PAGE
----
Have a Very Scary Christmas, Let’s Kill Granny
When Santa Johnson comes bearing gifts, we should have a long, hard think before succumbing to his seasonal blandishments. This is a man who plays to the gallery, often with disastrous consequences, as when – presumably egged on by Jockey Club steward Dido ‘track ‘n trace’ Harding and MP for Newmarket, Matt Hancock (though they deny it) – he supported backing the Cheltenham Gold Cup on March 10th, long after Covid 19 had gained a foothold in Britain. Gloucestershire soon became a hotspot, with 147 recorded deaths, and 150,000 racegoers subsequently spreading it around Britain and Ireland.
The Liverpool-Atletico Madrid match, held on March 11th – the very day the World Health Organisation declared the outbreak a pandemic – was another act of madness. It was attended by around 3000 fans from Madrid, which was already hoaching with Covid and under lockdown.
Talk about asking for trouble. The first confirmed cases in the UK were found in York on January 29th, when two Chinese tourists were taken ill, however there were almost certainly cases in Scotland on, or shortly before, January 22nd when three students from Wuhan were hospitalised in Edinburgh with respiratory problems – yet for some inexplicable reason the first officially recorded Scottish case was on March 1st.
Could it be that old feeling of deja vu all over again? With the Christmas ‘relaxation’ it isn’t simply a matter of bah! humbug! versus Ho-ho-ho, but a finely balanced judgment as to the likely death count – for make no mistake, these anticipated inter-generational family get togethers will exact a toll. There will be other outcomes, too. Covid-19 isn’t just a grim reaper who’s going around harvesting the elderly. The young, it is now emerging, can be vulnerable to ‘long Covid’. This can have devastating effects – neurological, pulmonary, cardiovascular, among them. It not only delays recovery. It can also devastate lives, possibly leaving some bed-bound with Chronic Fatigue Syndrome for years. Fate should not be tempted.
I was intrigued to note that while Radio 4 was reporting a ‘four nations’ approach to the Christmas parole as if it was a fait accompli in which the devolved authorities had fallen in with Boris’s ‘bread ‘n circuses’ yuletide parole scenario, Radio Scotland seemed to think it was still under consideration as far as Nicola & co were concerned. So which is it? The First Minister was expected to make up her mind in a few days after further discussions with Michael Gove, apparently. No-one seemed to pay the least bit of attention to Hogmanay, which many Scots regard as the highlight of the year.
She will, I hope, take into account the well known fact that attitudes to Christmas are very different north and south of the border. Although Jesus (remember him? The guy who threw the moneylenders out of the temple?) plays a vanishingly minor role in his eponymous winter festival, insofar as it remains a date on the liturgical calendar it isn’t the most important one. That’s Easter, by a long way. So why not forget Christmas, on the whole, and delay all the razzmatazz until the 4th April, resurrection day, at least if you’re vaguely Christian? Let’s face it, for our Lord, being born was the easy bit. We’ve all managed that. The real unique selling feature was the coming back from the dead. Those of a sceptical turn of mind have other options.Scotland’s spiritually unattached could perhaps delay their hoolie until Burns Night, which should leave plenty of time for memorising Tam O’Shanter.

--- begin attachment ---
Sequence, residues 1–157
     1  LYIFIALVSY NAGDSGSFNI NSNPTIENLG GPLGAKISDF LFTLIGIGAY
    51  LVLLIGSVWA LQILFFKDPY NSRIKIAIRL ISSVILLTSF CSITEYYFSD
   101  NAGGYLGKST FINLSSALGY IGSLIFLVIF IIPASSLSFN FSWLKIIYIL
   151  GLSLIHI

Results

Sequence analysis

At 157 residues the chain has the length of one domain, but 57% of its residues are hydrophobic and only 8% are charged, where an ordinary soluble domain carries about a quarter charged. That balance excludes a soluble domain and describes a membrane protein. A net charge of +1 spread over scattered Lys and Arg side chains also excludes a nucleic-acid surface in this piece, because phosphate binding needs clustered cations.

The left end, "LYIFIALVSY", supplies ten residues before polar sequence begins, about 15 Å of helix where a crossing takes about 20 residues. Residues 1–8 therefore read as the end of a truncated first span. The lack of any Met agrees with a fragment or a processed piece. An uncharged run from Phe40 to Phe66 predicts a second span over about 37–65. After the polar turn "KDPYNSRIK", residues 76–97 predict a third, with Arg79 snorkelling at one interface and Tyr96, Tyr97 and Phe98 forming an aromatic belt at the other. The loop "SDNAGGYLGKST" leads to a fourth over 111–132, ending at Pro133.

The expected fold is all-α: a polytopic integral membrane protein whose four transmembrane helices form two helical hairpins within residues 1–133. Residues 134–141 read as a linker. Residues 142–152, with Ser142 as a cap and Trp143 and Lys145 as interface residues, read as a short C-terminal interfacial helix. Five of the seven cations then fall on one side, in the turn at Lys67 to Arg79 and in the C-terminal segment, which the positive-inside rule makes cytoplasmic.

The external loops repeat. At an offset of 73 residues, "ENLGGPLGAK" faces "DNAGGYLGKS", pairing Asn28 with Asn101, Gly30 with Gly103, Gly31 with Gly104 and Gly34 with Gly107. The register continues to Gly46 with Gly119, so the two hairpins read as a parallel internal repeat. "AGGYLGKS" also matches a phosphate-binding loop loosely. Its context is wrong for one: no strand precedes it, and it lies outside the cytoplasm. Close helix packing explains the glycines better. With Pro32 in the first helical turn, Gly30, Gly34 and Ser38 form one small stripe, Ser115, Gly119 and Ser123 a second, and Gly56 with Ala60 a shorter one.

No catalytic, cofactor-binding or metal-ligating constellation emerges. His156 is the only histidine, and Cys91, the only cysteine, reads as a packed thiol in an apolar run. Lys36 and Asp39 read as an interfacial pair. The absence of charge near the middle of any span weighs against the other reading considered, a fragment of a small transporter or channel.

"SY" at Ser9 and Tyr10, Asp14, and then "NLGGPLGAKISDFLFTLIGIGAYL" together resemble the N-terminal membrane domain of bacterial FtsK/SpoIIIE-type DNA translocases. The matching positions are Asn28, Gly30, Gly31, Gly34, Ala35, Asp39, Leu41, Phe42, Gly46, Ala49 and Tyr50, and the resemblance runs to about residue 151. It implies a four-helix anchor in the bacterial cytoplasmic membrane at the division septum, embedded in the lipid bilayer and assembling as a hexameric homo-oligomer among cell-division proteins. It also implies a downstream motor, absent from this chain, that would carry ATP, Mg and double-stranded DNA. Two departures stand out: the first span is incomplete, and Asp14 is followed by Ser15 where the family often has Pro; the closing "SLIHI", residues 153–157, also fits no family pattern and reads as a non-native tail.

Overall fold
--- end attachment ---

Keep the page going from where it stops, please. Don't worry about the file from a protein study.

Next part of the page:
It wasn’t all that long ago that the closest you were likely to come to anything resembling a Christmas tree north of Dalwhinnie was a sitka spruce plantation mantled in snow. In those parts, the Kirk took a fairly dim view of these Anglo-Teutonic appurtenances as popularised by Charles Dickens and Prince Albert – but then came TV spectaculars with Andy Stewart, annual repeats of It’s a Wonderful Life and High Noon, until Bond and The Muppets took over. and pantos in Eden Court Theatr. Then there was that incoming species the locals referred to as ‘white settlers’ who traded up from the south to sample the rural delights of places like Dornoch and Portree, bringing their Christmas decorations with them.
The annual jamboree, in any event, has long degenerated into a shopping event, courtesy of Chris Cringle, the retail industry, and Bernard Matthews. We needn’t kid ourselves. No longer does a stocking with a bright new penny, a mandarin, and a Mr Potato Head or a Barbie Doll suffice. Parents are now regularly being emotionally blackmailed into buying their children electronic gizmos which lie well beyond the understanding of any pretend daddy-cool, while messrs Bezos and Gates buy up the world.
In the dreich midwinter, of course, having a bit of fun fair lifts the spirits. After all, the Druids had their Solstice, and the Romans their Saturnalia, so why shouldn’t we let go a bit? It’s only fair. But fun can be deferred, especially if it saves Granny’s life. It isn’t as if we’re all condemned to the Gulag. After all, apart from Mr Graham-Bell’s excellent telephonic apparatus, we can Zoom and Skype until we’re blue in the face, meet up in the local park, and shout at The Crown and similar saccharine Netflix fictions all day and all night. Not so bad, really.
Apart from that, have a terrific lockdown Christmas, an even better New Year, and make a date with Granny sometime in the spring.